NEWS
January 27, 2016 | By Jan Hefler, Staff Writer
Just in time for the blizzard of 2016, New Jersey's "Right to Shovel" bill became law last week, paving the way for teens and others to clear driveways and sidewalks without having to apply for a solicitation permit that could cost a few hundred dollars. A year ago, as a storm threatened the area, two teens in Bound Brook, Somerset County, were stopped by police while going door-to-door handing out fliers to homeowners and offering to shovel in their neighborhoods. They were told a local ordinance required them to obtain 24 hours in advance a permit that could have cost them about $200, according to published reports.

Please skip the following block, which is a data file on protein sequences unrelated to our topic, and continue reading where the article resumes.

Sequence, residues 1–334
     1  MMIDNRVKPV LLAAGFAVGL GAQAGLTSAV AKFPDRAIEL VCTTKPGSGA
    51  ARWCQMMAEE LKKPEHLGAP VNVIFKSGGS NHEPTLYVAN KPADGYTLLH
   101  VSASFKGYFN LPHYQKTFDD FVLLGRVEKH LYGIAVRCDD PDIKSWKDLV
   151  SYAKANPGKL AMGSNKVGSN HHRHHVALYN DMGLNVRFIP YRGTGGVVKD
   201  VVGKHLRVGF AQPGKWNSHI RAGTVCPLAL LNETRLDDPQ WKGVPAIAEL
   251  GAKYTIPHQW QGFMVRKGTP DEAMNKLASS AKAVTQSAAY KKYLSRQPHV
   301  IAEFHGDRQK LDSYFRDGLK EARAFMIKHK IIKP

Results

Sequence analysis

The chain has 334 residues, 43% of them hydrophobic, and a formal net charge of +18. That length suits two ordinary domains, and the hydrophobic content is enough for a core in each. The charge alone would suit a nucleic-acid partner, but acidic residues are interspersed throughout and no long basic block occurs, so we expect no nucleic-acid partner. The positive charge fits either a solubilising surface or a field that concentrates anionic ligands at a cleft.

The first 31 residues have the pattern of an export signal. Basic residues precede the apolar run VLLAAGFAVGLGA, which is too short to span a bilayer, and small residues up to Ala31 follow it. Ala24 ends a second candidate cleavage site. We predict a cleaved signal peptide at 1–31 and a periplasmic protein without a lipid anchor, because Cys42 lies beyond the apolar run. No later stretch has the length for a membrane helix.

NEWS
January 26, 2016 | By Maddie Hanna, TRENTON BUREAU
HAMPTON FALLS, N.H. - Two days after forgoing the campaign trail for New Jersey ahead of a winter storm, Gov. Christie returned Sunday to New Hampshire - and wasted no time incorporating the blizzard into his leadership pitch. Contrasting his presence in New Jersey with Florida Sen. Marco Rubio's skipping votes during the campaign, Christie said the storm demonstrated the duties governors face. "Your responsibility is to go when you are needed," Christie said during a town-hall meeting at a VFW hall in Portsmouth, N.H. Rubio's explanation for his missed budget vote, Christie said, would be like Christie's saying, "I really don't like being governor anymore, and I really prefer running for president.
SPORTS
January 25, 2016 | By Phil Anastasia, Staff Writer